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Ms Emily in Paris and Split Ends


Have you watched Emily in Paris?

Have you noticed that when she tells the truth to the crazy designer guy about how ‘Ringard’ or tacky she is, she gets rewarded with a contract, but when she lies to Camille about kissing her boyfriend, Emily’s world falls apart—and it gets worse with every lie she tells.

The people writing the show are commenting on the use of language and truth. Emily feels like she has to lie, for her job, for social niceties—she tells white lies constantly.

Yet her lies are constantly getting her in trouble, and when she speaks up, her life often improves.

The show is about Emily’s struggle not to hurt people’s feelings contrasted against the innate need to speak her truth.

Link below if the embed doesn’t work

I’ve heard it said (by Martha Beck!) that every time we tell a lie a tiny part of our brain splits off and our naughtiness creates tension which has a flow on effect in our bodies and lives.

I think lies are like the split ends in my hair.

Some people might not know this, but when you have long hairs, the ends split in half and you end up with two (or sixteen) hairs growing out of one follicle. Split ends are weak. They are brittle. Their lack of integrity makes them vulnerable. They make knots in my hair. Ew.

In the same way these lies, these split ends, make me weak, vulnerable, and brittle.

Everyone wants lush, voluminous, shiny hair. Everyone, deep down, wants to live in integrity.

But when I go into the supermarket, it’s not fair to dump my problems on the girl at the register and say I feel terrible when she asks how I am, even if that’s the truth.  

Link to episode below if the embed doesn’t work

What I can do is smile, tell the truth, then look for the silver lining.

It’s raining: “It’s cold and wet, but I love the smell of the rain” or “I’m uncomfortable in these wet clothes, but it’s good weather for ducks and wheat exports”.

I’m exhausted: “I didn’t sleep last night, but I’m so grateful to have enough money to pay for these groceries” or “I’m exhausted, but I know I’ll sleep like a baby at 8pm tonight”.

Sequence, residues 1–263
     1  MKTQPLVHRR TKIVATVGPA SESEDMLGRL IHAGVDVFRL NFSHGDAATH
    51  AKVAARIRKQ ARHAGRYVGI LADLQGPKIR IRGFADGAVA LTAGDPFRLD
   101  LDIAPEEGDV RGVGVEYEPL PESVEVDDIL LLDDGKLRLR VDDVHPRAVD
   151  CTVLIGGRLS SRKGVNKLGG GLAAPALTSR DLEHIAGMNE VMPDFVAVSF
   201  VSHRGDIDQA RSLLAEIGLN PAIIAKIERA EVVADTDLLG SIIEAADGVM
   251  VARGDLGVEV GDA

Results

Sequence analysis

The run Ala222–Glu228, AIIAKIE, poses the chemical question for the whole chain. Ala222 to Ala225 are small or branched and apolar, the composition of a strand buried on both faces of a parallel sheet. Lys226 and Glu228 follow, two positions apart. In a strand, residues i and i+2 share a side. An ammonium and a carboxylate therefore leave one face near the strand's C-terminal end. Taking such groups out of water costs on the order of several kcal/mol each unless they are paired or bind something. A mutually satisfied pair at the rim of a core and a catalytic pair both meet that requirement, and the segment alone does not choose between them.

I’m miserable: “I literally want to die right now, but I know this is a transitory state, and tomorrow I’ll feel amazing when I go for my walk” or “My life is so terrible, but there are these amazing moments where I feel like every cell in my body is singing with wonder”.

Someone was a dick to me: “That person was really rude, and I know I’m still a human being who deserves love and affection” or “I can actually survive that person doing that and take action to avoid them rather than inflicting pain on them as retribution”.

Thanks for reading. Tell me some of your integrity hacks in the comments.

Further Reading:

This is the link to the great Martha Beck podcast about having the courage to tell the truth.

This is the link to the great podcast from Plum Village about having the courage to manage impermanence.


By reading this blog, you agree that you read it under your own risk, and Gill’s Practical Bookkeeping is in no way responsible for any harm or prejudice to yourself, your business, or any fictional examples above.

I am not a financial advisor. I do not have an AFSL. I am a chick who likes to read, think, write, and has access to google. You should treat this blog with the same seriousness that you would treat anyone whose main qualification is access to google. This blog is for entertainment purposes only. It’s a little like watching The Good Place for nerds or artists.

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